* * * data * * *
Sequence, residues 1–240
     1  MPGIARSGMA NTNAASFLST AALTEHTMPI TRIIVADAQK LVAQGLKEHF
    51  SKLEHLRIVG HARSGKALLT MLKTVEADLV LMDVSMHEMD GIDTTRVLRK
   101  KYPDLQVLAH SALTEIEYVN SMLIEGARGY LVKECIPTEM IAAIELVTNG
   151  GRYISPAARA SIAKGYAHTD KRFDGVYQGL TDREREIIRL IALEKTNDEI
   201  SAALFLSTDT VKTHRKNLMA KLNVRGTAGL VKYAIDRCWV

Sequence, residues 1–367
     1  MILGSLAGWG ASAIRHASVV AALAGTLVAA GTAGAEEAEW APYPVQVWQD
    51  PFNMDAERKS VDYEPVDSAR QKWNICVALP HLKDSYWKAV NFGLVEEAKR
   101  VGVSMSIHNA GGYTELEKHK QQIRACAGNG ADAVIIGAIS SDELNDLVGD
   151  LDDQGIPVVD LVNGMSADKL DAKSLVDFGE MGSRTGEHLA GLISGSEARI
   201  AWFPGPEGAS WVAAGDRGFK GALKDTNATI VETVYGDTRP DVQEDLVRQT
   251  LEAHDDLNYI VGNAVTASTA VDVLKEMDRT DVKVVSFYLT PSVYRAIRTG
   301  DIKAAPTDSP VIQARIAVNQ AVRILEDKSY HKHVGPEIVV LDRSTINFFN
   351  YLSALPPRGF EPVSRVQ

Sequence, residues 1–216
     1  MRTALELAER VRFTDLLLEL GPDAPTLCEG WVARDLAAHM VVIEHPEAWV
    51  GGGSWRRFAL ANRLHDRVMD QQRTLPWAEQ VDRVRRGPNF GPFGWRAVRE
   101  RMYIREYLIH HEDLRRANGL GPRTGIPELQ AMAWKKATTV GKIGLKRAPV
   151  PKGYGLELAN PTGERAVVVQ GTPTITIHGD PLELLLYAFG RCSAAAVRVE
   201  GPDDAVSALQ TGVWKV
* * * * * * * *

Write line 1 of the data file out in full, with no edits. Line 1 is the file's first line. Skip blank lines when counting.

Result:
Sequence, residues 1–240